How to Set Up a Home Studio

By Edgar Clyne

Nowadays, affordable computers and great audio hardware make it feasible for anyone to make great recordings. The number of soundcards available, for example, is enormous. It is impossible to describe in a few words everything that you need to start a home recording studio, but in this article I will give some valuable advice to at least get you started.

Choose the right sound card

Forget the standard soundcard that was present when you bought your computer. It lacks the features that are really important for recording. Have a look at some entry-level or more professional audio interfaces. One of the important differences is the quality of the analog-digital conversion. Decide in advance whether you want to record multiple instruments on independent tracks simultaneously. If not, a decent two-channel audio interface may be sufficient. Other things to look at are latency (degree of delay as a consequence of internal processing), bit depth, sampling frequency and the availability of preamps.

Whether you want to record your guitar or the signal of a microphone, the sound level will be usually very low if you don’t use a preamplifier. Preamps are built-in in some audio-interfaces as well as in most mixers and are recommended if quality is your primary concern. They are available as standalone units and they offer at least a gain knob that allows you to adjust the sound signal level.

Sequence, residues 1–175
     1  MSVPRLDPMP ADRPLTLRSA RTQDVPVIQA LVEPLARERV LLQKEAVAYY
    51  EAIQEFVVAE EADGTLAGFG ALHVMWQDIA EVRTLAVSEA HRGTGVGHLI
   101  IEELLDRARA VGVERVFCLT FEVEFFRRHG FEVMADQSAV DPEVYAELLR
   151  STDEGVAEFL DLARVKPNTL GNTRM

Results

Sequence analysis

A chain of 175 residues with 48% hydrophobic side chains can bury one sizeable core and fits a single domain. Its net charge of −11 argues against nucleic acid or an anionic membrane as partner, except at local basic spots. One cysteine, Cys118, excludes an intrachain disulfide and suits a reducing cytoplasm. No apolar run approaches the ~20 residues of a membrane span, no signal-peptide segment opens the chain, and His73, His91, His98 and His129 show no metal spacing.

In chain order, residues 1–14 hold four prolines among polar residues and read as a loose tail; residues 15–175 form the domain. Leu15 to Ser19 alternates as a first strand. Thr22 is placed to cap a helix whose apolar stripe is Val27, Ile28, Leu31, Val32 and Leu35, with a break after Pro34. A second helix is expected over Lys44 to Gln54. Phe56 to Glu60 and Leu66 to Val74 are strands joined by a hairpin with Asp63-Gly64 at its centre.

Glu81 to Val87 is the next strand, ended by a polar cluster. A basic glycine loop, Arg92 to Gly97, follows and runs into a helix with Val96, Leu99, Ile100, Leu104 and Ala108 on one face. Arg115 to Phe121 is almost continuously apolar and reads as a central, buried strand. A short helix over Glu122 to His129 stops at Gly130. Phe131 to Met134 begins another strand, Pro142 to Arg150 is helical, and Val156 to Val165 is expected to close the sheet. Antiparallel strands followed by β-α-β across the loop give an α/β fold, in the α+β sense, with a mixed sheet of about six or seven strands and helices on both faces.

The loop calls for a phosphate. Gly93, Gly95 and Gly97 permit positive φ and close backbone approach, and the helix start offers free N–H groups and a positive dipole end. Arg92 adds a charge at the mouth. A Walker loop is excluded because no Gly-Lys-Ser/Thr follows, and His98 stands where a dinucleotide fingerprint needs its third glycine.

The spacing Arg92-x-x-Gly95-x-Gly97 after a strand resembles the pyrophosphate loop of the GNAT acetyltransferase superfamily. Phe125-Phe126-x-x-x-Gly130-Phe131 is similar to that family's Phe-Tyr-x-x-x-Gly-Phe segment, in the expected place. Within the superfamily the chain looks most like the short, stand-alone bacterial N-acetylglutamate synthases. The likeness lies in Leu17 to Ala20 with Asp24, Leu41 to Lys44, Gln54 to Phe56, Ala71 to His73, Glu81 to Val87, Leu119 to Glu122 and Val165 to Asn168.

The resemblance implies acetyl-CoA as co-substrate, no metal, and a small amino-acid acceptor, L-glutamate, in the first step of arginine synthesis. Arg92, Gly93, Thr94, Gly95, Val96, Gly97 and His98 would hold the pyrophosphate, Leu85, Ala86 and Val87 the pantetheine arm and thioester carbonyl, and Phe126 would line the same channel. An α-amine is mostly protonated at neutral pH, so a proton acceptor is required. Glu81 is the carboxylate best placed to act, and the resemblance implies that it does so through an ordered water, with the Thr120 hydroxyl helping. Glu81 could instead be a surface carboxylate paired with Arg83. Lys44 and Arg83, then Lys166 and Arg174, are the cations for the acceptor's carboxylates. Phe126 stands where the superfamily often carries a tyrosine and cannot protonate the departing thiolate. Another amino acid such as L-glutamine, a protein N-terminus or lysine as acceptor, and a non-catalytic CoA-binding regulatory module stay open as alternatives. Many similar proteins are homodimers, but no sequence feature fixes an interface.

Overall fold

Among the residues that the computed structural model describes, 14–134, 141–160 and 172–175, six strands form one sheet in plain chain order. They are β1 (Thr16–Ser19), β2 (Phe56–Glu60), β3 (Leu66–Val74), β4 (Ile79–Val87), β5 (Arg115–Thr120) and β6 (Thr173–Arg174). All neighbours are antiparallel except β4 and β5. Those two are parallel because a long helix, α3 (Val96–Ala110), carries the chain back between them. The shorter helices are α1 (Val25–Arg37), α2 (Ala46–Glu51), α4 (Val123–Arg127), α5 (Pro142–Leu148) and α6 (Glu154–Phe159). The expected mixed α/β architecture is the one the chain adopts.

Get software that suits you

You will definitely need some software to record the incoming signal to your computer’s hard drive, to edit wave forms and to mix down your music for burning a cd or distribution on the web. Software can be simple, and sometimes free, but advanced audio sequencing software is generally not cheap. Have a look at Adobe Audition for some simple work, and look for Steinberg Cubase, Logic Audio (on Mac) and Digidesign Protools (Mac and PC) at the higher end. Decide whether you are going to use MIDI or not and whether the availability of a lot of audio effect plugins is important. The more advanced software offers many routing options, automation and an enormous flexibility; however, keep in mind that you need time before you can work with it comfortably. Some learning curves are indeed very steep.

Monitors are essential

Having an audio interface and recording software is not enough. You need to be able to listen to your recordings and judge their quality in a proper way. Therefore you need a set of dedicated speakers, called ‘monitors’. Although some hi-fi speakers may do the job for a while, judging sounds is ideally done using a pair of monitors.

Microphones and preamps

Once you have these essential elements of the recording cascade, you can start investing in microphones and other gear. Choosing the right microphone is a difficult task, but as a simple rule, it is better to buy one decent microphone than a number of crappy ones. This also applies to preamps.


Building a cheap recording studio around your pc is perfectly possible nowadays, but you should carefully consider your needs. Check out each element of the cascade, since the worst component will actually determine your sound. And then the creative process only starts…

Edgar Clyne is a recording musician and writes for several home studio and audio recording websites.